Microsoft Word 2003 Viewer

In total, therefore, there are at least five updates, ultimately covering eight Microsoft Windows application products, affecting nine major OS variants - all counted as one in the CERT annual summary.

One final example: here's CERT's backup detail on a vulnerability listed as "Microsoft Windows SMB Buffer Overflow "

A buffer overflow vulnerability exists when handling Server Message Block (SMB) traffic, which could let a remote malicious user execute arbitrary code.


Wndows 2000 SP3 & SP4, Windows XP 64-Bit Edition SP1 (Itanium), Windows XP 64-Bit Edition Version 2003 (Itanium), Windows Server 2003, Windows Server 2003 for Itanium-based Systems

Currently we are not aware of any exploits for this vulnerability.

Contrast that with what the underlying CVE (2005-0045) entry says:

The Server Message Block (SMB) implementation for Windows NT 4.0, 2000, XP, and Server 2003 does not properly validate certain SMB packets, which allows remote attackers to execute arbitrary code via Transaction responses containing (1) Trans or (2) Trans2 commands, aka the "Server Message Block Vulnerability," and as demonstrated using Trans2 FIND_FIRST2 responses with large file name length fields.

Notice that the CVE cites NT 4.0; mentions demonstration code, replaces a "could let" with "allows", and offers a more general view of the vulnerability.

I haven't reviewed very many of CERT's Windows listings, but this seems to be a general thing: with CERT's summary assessments of Microsoft related vulnerabilities being soft pedaled relative to the underlying CVE or Microsoft's own bulletins - and CERT's summaries showing fewer affected OS releases or products, fewer mentions of exploits or demonstration code, fewer mentions of previous patches that failed to completely fix the problem, and fewer mentions of patch or report updates.

As I said last week, CERT's excuse for its over reporting of claimed Unix vulnerabilities is that it merely counts claims and doesn't pretend to judge the validity of those claims. According to this argument, misleading news reports like this one by O'Reilly's Preston Gralla are the result of reportorial laziness or incompetence, and therefore not a predictable consequence of the way CERT selects and publishs its summary information.

"Windows Has Fewer Security Holes than Linux" (Jan. 11, 2006)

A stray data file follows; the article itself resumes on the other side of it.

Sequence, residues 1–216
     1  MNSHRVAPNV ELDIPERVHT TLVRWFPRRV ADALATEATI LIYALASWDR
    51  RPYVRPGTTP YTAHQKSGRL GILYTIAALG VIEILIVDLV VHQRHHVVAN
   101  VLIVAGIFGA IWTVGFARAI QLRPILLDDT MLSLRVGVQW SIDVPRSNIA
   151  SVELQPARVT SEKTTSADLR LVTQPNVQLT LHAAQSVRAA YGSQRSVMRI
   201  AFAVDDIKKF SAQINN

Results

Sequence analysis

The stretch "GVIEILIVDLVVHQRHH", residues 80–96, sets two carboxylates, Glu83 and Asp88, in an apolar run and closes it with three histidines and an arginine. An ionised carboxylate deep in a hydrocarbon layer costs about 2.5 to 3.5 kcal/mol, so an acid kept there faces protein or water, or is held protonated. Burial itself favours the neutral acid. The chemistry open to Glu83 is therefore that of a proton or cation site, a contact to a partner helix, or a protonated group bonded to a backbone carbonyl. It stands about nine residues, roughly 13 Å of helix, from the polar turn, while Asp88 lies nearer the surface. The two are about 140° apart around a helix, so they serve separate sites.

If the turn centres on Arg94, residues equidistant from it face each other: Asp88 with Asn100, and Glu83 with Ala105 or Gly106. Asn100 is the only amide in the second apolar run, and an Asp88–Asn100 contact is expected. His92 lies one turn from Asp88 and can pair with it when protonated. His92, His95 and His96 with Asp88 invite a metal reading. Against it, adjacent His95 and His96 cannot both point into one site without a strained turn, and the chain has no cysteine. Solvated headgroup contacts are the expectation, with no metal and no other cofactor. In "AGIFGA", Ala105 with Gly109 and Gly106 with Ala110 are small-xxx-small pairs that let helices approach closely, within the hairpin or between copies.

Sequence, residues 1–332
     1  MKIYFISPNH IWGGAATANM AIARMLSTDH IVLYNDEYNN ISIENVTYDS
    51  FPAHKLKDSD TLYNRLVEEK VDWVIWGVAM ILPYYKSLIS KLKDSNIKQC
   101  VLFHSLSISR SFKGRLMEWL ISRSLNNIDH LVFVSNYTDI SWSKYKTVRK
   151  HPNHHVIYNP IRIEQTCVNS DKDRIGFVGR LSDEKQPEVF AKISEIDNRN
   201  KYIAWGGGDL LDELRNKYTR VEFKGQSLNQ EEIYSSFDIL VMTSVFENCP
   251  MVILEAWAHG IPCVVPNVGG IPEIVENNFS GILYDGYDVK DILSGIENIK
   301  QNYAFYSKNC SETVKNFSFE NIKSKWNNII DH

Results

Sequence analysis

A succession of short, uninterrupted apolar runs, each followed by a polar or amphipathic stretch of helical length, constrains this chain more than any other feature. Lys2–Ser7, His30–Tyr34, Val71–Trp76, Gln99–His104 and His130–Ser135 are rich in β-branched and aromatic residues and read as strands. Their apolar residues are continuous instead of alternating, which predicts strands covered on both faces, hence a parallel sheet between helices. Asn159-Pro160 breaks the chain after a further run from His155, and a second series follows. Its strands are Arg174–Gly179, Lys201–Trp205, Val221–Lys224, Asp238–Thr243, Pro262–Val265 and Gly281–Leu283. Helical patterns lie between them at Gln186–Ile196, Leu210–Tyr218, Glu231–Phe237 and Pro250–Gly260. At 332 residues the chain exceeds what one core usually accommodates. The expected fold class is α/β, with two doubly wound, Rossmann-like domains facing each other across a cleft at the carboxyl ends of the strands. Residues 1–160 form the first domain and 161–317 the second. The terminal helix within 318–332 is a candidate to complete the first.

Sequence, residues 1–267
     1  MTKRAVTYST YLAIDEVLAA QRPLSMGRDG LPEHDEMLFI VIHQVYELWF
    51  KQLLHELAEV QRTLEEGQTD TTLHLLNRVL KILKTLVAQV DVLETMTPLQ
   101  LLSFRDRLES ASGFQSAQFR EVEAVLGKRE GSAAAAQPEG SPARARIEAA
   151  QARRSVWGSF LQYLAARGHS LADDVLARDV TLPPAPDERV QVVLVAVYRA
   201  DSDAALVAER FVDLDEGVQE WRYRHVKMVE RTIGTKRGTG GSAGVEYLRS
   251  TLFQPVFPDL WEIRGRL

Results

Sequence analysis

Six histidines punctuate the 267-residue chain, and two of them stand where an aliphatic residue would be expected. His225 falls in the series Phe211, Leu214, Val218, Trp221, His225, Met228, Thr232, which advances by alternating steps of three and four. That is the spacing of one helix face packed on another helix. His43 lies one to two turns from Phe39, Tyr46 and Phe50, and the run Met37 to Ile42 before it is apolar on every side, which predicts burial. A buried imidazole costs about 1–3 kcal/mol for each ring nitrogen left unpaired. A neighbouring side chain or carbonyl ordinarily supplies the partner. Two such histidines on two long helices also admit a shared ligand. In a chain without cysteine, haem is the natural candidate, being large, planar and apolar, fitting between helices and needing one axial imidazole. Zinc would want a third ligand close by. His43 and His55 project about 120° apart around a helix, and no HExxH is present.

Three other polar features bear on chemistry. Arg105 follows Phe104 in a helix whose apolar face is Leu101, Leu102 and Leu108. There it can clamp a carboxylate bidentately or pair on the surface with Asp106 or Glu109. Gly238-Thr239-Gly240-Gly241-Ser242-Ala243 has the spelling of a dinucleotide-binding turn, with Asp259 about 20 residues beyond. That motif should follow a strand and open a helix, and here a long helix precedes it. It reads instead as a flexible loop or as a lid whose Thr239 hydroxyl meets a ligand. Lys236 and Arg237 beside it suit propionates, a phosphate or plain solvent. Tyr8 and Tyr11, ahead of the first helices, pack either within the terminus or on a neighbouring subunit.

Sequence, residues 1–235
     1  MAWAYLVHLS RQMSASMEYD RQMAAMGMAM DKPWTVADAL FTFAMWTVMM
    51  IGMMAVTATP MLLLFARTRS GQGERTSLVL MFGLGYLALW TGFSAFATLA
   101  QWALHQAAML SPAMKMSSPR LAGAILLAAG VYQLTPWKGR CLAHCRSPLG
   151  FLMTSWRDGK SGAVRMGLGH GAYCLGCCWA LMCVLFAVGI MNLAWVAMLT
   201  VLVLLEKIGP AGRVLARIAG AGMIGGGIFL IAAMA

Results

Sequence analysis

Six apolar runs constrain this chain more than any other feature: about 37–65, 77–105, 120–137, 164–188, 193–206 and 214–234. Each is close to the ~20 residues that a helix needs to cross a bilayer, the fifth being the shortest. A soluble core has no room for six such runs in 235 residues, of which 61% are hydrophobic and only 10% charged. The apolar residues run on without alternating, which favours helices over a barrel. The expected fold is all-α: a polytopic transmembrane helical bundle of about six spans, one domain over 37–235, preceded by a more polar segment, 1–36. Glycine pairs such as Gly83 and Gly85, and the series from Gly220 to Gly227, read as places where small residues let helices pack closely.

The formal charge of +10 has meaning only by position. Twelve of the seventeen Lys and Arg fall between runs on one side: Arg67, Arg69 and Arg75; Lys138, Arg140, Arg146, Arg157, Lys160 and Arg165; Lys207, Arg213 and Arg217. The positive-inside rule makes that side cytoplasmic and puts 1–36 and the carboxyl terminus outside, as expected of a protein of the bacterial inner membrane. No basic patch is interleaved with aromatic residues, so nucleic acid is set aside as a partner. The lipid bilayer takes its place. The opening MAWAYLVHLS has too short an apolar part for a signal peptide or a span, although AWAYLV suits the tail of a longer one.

The conventional wisdom holds that Windows is a security sieve, while Linux is locked down tight. Then why does Linux have three times the number of security holes as Windows?

A 2005 year-end vulnerability summary by US-CERT (United Stated Computer Emergency Readiness Team) concludes that Linux/Unix accounted for an eye-opening 2,328 vulnerabilities, about 45 percent of the total of 5,198 vulnerabilities for the year.

Windows, by way of contrast, had only 812 vulnerabilities during the year, 16 percent of the total.


I believe, however, that CERT's defense is Clintonesque in its evasiveness, and that Mr. Gralla should feel embarrassed by his source rather his actions -he did nothing wrong in correctly reporting what CERT said and, in fact, added a warning a bit later in his article that not all vulnerabiities should be considered equal.

Nevertheless CERT's "Caveat Emptor" argument might have formed the basis for a workable defence if CERT had applied the same approach to both sides of the list. But that's not what they did: instead, any they seem to have uncritically accepted almost any vulnerability claim that could be counted against Unix while sanitizing and "down threating" at least some Windows vulnerabilities, failing to count at least some updates expanding the scope of the vulnerablity, and silently dropping at least some mentions of exploit or demonstration code.

The bottom line is simple: this looks like systematic anti-Unix, pro-Microsoft, bias at work in a U.S. federal government agency charged with honestly informing the public about OS and related cyber security risks -a job they're not doing.

Paul Murphy wrote and published The Unix Guide to Defenestration. Murphy is a 25-year veteran of the I.T. consulting industry, specializing in Unix and Unix-related management issues.